Reclaiming ‘Giant of Africa’ On Tech Turf

Contributor: Tech Mistress is not a so young ‘eccentric’, tech loving lady. She likes to share information in funny and witty ways, to inform but yet motivate. You can follow her on twitter – @AbiikeBlogger, and check out her blog – Mumuocrats.

Sometimes last week, a link went viral. It was all over twitter. This link had a list of 30 brilliant African startups. Nigeria is proud to be amongst the listed. The buzz is great for us amidst the present political situation and international issues. Statistics have revealed that Africa’s one-billion people are coming online and 600-million of them already have mobile phones.

It is estimated that by 2040, Africa’s working age population will be the largest in the world, making for a large number of young, active consumers — the brand conscious, aspirational demographic businesses covet. In the last 10 years 117-million Africans have migrated to cities, establishing a larger, wealthier concentration of people in need of goods and services.

Africa can be said to be more urbanised than India and almost on par with China. Consumer spending grows by four percent a year and by 2020, it has been estimated that poverty levels in Africa will fall to 20% from nearly 45% percent in the1980s.

The opportunities in Africa are vast despite all our ‘issues’. Young people are taking over. Wired has likened the opportunities in Africa to those of the pre-dotcom boom in 1995 stating “If you want to become extremely wealthy over the next five years, and you have a basic grasp of technology, here’s a no-brainer: move to Africa.”

From the paragraphs above, it can be seen that Africans have become innovative and are challenging the world. These companies are seizing the opportunities that information technology is creating. Nigeria is a front runner.

Below is a summary of the Nigerian startups and through out this week, we will be taking a closer look at them

Iroko Partners
One of the company’s most compelling new projects is called IrokoTV. Launched in December 2011, it allows its over 100 000 registered active users to view films from Nigeria’s film industry for free. Well, at least until June of this year, it’s not exactly clear what happens beyond that, but the company relies mainly on advertising revenue to support its business, having initially made a living through streaming full-length Nollywood movies on its YouTube channel. There are the only company with the sole rights to distribute Nollywood movies online. They have taken advantage of the fact that Nollywood is the second largest in the world and enjoy a followership that spans the globe.

TruSpot! has been in existence since 2006. The African social music platform and streaming service, utilises its strategic partnerships with African record labels and artists to bring a free African music and music video streaming service to listeners. Through Afritunes, TruSpot! also allows for digital music purchases just like Apple”s itunesThe site offers one of the largest African music catalogues available on the web — for free.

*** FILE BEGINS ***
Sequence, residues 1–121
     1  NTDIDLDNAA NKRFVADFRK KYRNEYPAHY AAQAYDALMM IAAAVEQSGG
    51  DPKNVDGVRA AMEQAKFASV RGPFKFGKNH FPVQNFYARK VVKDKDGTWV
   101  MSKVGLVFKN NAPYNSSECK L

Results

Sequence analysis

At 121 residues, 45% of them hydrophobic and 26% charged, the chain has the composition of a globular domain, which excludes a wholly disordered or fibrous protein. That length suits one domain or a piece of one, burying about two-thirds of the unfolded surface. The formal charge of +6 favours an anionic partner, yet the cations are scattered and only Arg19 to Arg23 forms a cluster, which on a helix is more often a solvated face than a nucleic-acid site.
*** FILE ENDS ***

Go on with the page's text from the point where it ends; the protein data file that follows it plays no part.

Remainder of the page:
Formerly known as Gyst. it is a business directory with a vast coverage area. Infomob employs a bunch of kids with camera phones who go door-to-door, manually collecting information from businesses.
Infomob’s grass roots efforts are fantastic.

Bloovue is a Nigerian-localised ad network with lush design elegance. Bloovue guides small Nigerian businesses as they take their first steps towards advertising on the web. The ad network provides consulting and technical services to make customers’ advertising campaigns as effective as possible. Bloovue’s network stretches across five of Nigeria’s biggest websites. Bloovue customers can also build ads on mobile devices, there’s no need to even own a computer to get your business advertised on the web. Skoola – Nigeria

The website is a powerful hub where students, scholars and educationists can study and interact. The most compelling aspect of Skoola is its mock tests. The startup has taken several years worth of West African standardized tests and converted them into online exam preparation tests and exercises. The exam prep tests can also be taken on a mobile phone.Apart from the tests, users can focus on topics of interest by joining “classes” which are hubs where users can post on-topic questions or tutorials and converse via chat rooms. Why is it brilliant? Skoola’s prep tests based on several years worth of real life exam papers are fantastic. The startup also envisions a scenario where students won’t have to travel and register with public libraries for borrowing materials. Skoola plans to bring all the books and materials needed for education online.

It is a “business and networking site that connects you with friends, colleagues, business corporations and allows you buy and sell with ease.” That sounds about right. You create a Facebook-esque profile which you can use to friend other businesses/people, but the twist here is that you can also sell and buy products through 3AL. It’s pretty fantastic. It is an epic amalgamation of businesses — think B2B — and customers or really, just people, coming together to socialise in the name of capitalism. The idea is very, very intriguing.

You can check out the complete list, with startups hailing from Kenya, South Africa, to see and maybe feel the brilliance they exude.


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